One week after the shooting at Marjory Stoneman Douglas High School in Parkland, Fla., the Shelton school district plans to hold a public forum to address concerns and discuss what it does to assure student safety.
Shelton Mayor Mark Lauretti said the need to discuss safety plans and preventative measures is a result of the world changing for the worse.
“We live in a completely different world now,” said Lauretti. “The ways in which people are committing these terrible acts are becoming harder to read, which is all the more reason for us to be more aware of who we have around.”
Superintendent of Shelton Schools Dr. Chris Clouet said the district will hold its community forum on Tuesday, Feb. 27, in Shelton High School at 6:30 p.m. Clouet said the forum is a joint effort among law enforcement, city government and the school district.
“One school shooting is too many, and the idea that this has become normalized in our society is a crisis of culture and we need to work on it together,” said Clouet. “We need to respect the Constitution, but we also need to cherish the lives of our students and staff and make sure that they’re not in harm’s way.
“Unfortunately this has become normalized in our society, and that’s just something that we cannot let stand. I touched base with the police department right away and they’ve been very good here. The mayor and I discussed things to make sure our security is extra tight. We’ve also added the presence of extra police that walk through the buildings of all of the schools in the city — they pop into classrooms as a presence and some reassurance.”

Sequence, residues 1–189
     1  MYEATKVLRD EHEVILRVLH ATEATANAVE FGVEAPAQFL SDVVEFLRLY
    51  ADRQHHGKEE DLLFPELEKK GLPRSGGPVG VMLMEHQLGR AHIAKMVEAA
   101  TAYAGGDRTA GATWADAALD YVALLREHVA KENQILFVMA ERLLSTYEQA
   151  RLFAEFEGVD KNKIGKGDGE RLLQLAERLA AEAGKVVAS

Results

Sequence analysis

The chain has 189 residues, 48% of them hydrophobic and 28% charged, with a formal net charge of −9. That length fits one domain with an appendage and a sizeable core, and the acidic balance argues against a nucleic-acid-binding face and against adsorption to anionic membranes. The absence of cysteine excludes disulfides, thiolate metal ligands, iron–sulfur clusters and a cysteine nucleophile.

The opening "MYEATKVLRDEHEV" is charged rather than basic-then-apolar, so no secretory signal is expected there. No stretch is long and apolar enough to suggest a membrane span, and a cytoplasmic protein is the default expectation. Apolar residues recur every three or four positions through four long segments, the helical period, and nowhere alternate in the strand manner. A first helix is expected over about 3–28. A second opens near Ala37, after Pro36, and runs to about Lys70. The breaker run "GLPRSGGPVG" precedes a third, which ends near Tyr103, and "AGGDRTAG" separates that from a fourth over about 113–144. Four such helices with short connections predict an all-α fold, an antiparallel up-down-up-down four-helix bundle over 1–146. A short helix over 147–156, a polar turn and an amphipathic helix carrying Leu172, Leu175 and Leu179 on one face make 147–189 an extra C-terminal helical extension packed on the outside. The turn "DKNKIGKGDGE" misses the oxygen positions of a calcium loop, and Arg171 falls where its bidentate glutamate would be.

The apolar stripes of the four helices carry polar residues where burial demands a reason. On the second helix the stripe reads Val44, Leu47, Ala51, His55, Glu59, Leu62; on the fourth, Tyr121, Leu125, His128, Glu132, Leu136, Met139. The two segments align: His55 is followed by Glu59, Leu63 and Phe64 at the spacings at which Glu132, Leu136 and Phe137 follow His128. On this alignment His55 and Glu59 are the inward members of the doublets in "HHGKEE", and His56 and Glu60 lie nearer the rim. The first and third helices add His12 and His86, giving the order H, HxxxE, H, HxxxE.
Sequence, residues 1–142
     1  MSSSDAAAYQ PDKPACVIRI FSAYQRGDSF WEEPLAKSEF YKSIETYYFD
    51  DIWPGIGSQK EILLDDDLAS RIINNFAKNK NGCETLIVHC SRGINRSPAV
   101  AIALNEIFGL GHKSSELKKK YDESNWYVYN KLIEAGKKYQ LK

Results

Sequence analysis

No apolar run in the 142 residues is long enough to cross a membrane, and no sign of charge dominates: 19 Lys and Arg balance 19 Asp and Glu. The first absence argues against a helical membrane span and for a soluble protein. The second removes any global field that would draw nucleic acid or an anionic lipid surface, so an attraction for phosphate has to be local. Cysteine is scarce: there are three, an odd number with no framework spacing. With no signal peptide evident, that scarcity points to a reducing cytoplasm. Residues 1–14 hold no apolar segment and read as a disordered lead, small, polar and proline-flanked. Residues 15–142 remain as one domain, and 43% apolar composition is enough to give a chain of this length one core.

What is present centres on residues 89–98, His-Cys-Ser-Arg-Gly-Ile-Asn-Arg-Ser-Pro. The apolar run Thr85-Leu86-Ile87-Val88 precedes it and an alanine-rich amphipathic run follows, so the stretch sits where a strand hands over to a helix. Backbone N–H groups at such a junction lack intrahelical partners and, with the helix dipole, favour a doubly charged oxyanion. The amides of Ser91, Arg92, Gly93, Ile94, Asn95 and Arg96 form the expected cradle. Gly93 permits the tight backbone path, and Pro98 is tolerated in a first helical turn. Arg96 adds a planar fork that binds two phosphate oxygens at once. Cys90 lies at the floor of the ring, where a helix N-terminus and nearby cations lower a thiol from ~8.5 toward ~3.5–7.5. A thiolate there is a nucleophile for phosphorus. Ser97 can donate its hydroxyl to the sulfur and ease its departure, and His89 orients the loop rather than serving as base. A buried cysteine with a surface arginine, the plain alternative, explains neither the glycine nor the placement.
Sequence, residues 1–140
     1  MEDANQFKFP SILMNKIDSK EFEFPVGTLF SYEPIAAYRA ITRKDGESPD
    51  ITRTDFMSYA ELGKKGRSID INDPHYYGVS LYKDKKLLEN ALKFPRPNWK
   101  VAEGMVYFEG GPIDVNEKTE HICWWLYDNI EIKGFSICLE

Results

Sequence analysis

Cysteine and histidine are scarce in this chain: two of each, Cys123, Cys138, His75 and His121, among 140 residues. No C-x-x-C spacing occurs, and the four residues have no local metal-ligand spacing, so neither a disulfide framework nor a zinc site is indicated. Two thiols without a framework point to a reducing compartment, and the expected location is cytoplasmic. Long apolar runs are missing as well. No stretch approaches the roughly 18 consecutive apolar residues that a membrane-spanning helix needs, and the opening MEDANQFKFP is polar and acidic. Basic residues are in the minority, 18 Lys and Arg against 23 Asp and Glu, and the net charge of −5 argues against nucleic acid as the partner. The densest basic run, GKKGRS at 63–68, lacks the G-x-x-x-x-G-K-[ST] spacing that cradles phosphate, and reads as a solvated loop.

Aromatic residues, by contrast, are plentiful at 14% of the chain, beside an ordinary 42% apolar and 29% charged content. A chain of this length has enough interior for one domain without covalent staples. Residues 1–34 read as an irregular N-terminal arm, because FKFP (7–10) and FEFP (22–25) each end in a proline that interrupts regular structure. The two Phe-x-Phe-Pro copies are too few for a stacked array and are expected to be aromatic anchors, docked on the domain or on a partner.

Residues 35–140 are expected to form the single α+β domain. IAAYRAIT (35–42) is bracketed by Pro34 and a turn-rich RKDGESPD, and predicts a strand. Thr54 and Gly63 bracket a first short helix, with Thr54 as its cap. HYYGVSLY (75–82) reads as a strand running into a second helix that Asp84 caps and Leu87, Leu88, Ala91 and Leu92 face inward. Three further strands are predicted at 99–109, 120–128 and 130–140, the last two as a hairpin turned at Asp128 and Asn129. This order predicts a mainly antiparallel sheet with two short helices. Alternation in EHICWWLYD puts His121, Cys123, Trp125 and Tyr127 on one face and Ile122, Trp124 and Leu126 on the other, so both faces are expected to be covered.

Clouet said that for years now, the district has done its best to increase security presence within the schools and closely monitor all potential threats. The district also required its school staff to undergo active shooter response training back in 2017. The training consists of local police entering all the local schools to stage active shooter situations and have the staff follow their safety instructions.
Recent ‘threat’ at SHS debunked
On Tuesday, Feb. 20, rumors of a threat were being spread on the Shelton High School campus, which were quickly investigated by police and addressed by Headmaster Dr. Beth Smith via Twitter and a telephone message to parents of students.
Smith sent the following message to parents on Feb. 20 :
“I am aware that there are social media rumors regarding a threat this morning at Shelton High School. There was a police presence at the high school due to a student medical emergency. It is standard procedure for the police to respond when I request an ambulance. Additionally, I briefly met with members of the police department this morning to talk about school security and will be doing so again at 11:30 this morning. This is also standard procedure, as, after tragedies, we discuss our action plans and any necessary revisions. We also have dayshift officers in the school at different times to familiarize themselves with our building. … There were no threats at SHS today, just social media reporting inaccuracies.”
Shelton police Chief Shawn Sequeira wouldn’t comment on the extent of the investigation conducted at the high school but said he is proud of the work his department does in regard to addressing school and community safety.